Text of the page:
Retirement life: How to find your post-work purpose

Create fulfilment and make life after retirement your best years yet.
Loading the player...

As Michele Burner approached 35 years as an English and IT teacher, she was more than ready to retire. At 55, she was desperate for a breather from the long hours and intense schedule. “I looked forward to not being bound to a structure any more and just having freedom from the demands of work,” recalls Michele, now 67. “The longer I worked, the better retirement looked!”

But when she finally crossed the career finish line, she found herself in a lonely house while her husband went to work.

“I didn’t want to stay home and watch TV and potter around,” she says. “I was on my own, [often wondering] what will I do today? My sister was still working and I didn’t want to visit my mother every day.”

Michele is hardly alone in feeling a loss of identity in the early days of retirement. In fact, retirement coach Jon Glass says many Australians wrongly assume that all that spare time will simply fill itself.

“In our culture, not many people are thinking about the emotional side of retirement [but] when you’re approaching retirement, think about what you want and need, and ask, ‘How am I going to fill my days?'” she says.

Loading the player...

Cross the bridge

If you’re excited about the prospect of having few responsibilities or to-dos, then Jon warns you’re probably going to feel a little lost. “Retirement is best thought of as crossing a bridge from work to retirement. You have to be thinking about, ‘What am I crossing the bridge to?'” he says. “I work with clients to strengthen their sense of meaning and purpose so they can cross that bridge to what they truly want to be.”

For Michele, that sense of purpose has come from doing freelance proofreading through the online platform Fiverr. “I’ve found a way to be useful, to make some money and to help me maintain positivity about life,” she says. “I usually work in the morning, then stop at lunchtime to go out for lunch, or go visiting or work on another skill I’m trying to develop.”

Find your joy

Whether you take pen to paper or go for a long nature walk, dedicating some time to deep thinking could help you get clarity about how you want to fill your retirement. “Retirement can be 10,000 days, which is a lot of days to be just turning on the TV,” Jon points out. “When you are at a dinner party and someone says, ‘What have you been up to lately?’ you want a good answer to that, rather than, ‘I watched some Netflix!'”

Take a trip down memory lane for clues. “What were you passionate about and what did you love as a child?” Jon asks.

“It might have been model cars or reading or travel, and could be a great clue as to what you can put at the centre of your retired life.”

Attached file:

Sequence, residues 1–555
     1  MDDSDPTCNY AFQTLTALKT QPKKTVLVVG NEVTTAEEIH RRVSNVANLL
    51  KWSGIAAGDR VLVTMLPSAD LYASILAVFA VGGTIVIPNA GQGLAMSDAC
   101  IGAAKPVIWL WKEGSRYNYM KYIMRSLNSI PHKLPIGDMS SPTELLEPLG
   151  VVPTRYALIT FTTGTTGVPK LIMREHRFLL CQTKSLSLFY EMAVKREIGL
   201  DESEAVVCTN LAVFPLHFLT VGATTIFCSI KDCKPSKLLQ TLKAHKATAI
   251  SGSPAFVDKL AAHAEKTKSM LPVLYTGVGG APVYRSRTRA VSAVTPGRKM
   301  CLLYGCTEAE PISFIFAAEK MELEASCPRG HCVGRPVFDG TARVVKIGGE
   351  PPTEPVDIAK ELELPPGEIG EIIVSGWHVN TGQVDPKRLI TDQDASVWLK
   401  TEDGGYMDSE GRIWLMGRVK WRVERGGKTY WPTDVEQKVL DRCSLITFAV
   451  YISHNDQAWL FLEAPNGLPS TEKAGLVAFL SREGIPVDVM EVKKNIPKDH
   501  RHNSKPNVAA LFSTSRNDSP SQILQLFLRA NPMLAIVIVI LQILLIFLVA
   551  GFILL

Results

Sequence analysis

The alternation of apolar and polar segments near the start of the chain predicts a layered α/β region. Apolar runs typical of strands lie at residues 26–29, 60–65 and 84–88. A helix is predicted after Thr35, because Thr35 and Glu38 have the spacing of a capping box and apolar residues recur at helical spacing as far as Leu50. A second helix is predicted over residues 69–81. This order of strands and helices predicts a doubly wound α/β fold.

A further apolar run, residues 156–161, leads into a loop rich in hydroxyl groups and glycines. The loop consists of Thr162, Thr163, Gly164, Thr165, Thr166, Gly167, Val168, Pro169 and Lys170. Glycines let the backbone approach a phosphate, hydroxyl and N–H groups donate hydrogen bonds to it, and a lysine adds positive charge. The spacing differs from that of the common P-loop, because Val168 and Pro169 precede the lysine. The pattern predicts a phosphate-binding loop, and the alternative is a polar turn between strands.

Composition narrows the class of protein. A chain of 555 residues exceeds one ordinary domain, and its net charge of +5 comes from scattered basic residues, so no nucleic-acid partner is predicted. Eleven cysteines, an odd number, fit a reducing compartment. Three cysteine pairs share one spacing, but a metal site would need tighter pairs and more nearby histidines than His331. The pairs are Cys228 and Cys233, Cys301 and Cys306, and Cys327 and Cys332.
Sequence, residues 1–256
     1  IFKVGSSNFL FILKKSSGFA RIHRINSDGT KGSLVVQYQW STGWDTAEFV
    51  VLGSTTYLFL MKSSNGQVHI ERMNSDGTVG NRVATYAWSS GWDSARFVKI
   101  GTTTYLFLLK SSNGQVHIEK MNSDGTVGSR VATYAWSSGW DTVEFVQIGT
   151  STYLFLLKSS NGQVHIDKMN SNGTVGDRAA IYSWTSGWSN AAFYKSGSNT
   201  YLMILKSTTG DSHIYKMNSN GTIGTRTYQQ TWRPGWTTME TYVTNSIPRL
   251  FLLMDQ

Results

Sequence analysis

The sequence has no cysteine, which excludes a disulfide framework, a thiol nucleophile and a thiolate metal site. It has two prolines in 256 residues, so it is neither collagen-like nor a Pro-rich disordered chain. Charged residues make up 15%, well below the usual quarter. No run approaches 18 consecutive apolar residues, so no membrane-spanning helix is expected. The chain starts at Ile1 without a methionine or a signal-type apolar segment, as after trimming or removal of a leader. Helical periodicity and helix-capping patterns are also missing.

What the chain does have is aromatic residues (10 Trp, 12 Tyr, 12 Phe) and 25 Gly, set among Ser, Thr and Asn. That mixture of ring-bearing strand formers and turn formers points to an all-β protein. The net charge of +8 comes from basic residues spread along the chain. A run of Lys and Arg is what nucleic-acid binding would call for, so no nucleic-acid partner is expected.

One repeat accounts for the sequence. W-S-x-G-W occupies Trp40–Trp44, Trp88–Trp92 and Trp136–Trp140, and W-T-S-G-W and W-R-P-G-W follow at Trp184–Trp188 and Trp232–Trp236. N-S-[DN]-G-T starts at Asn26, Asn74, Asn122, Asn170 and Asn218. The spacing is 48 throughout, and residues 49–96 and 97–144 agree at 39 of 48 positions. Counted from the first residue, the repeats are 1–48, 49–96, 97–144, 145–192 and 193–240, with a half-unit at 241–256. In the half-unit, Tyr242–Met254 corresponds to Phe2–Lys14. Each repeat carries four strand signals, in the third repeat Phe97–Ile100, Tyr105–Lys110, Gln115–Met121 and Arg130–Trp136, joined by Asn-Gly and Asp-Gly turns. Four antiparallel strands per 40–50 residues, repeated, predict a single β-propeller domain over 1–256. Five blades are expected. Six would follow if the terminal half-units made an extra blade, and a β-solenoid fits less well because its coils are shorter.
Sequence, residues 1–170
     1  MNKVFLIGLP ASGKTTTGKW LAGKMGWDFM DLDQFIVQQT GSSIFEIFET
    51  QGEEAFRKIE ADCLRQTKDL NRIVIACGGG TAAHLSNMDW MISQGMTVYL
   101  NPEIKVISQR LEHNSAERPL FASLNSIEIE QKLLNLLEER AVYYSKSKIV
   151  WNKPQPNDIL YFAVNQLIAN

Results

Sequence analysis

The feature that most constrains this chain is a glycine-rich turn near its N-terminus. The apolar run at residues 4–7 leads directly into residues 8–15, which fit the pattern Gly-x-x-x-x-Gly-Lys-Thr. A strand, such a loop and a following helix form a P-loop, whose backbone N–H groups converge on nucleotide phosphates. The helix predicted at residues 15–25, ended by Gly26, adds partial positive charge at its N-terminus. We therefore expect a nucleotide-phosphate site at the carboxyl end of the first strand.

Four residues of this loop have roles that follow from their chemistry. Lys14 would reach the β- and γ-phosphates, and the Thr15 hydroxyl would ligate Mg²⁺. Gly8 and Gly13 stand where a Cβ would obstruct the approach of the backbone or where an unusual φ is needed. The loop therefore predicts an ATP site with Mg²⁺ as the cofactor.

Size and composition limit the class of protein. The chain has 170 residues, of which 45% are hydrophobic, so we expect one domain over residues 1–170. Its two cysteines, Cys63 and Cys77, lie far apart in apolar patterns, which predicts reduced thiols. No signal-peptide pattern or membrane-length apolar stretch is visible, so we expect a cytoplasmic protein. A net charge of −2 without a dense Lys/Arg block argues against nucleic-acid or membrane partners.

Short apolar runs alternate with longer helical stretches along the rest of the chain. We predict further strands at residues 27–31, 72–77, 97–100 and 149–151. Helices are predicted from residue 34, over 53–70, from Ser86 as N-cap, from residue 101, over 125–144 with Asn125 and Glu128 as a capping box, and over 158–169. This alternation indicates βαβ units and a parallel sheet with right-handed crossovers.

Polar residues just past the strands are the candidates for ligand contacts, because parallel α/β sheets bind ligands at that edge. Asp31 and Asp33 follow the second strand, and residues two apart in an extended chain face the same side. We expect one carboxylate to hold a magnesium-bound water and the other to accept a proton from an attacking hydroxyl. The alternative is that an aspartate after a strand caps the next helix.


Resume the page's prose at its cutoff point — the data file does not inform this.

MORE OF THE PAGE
Loading the player...

Create value

Whether you spent your younger years building your career or caring for a family, retirement can be the catalyst for an identity rethink. “When you were working, you probably had an identity, whether it was a fancy title on a business card or [through] your crisply ironed uniform,” says Jon. “The essence of a good retirement is finding your meaning and purpose – it could be family, giving back to the community or learning new things. Once you [identify] that, you can start to build your activities around that.”

It can also be helpful to consider how you can be useful to others. “There are so many ways of becoming useful,” Jon says.

“It could be through caring for grandkids, charity work, mentoring someone to help develop their talents, or maybe you mow someone’s lawns to help them out.”

Be brave

Once your retirement kicks off, check in with yourself regularly to confirm you’re still feeling fulfilled. “Evolve, learn, change and be flexible because what works for you this year might change,” Jon points out. “Retirement should be a sequence of experiments.”

And the beauty is that it’s difficult to have a catastrophic failure in retirement.

“If you ‘failed’ something in a work context, it could be disastrous and you could lose your job,” says Jon. “But if you walk into a Zumba class and get the steps wrong and feel embarrassed, you might just learn that Zumba is not for you!”

Related stories

A woman with small savings

Are you prepared for retirement?

Retirement. Snooze. Investments. Yawn. It’s ironic; while financial security is what most of us strive for, it’s an area where we’re likely to bury our heads in the sand. In 2007, The Financial Literacy Foundation reported around 31 percent of adults think dealing with money is boring, while another 48 percent found money matters completely […]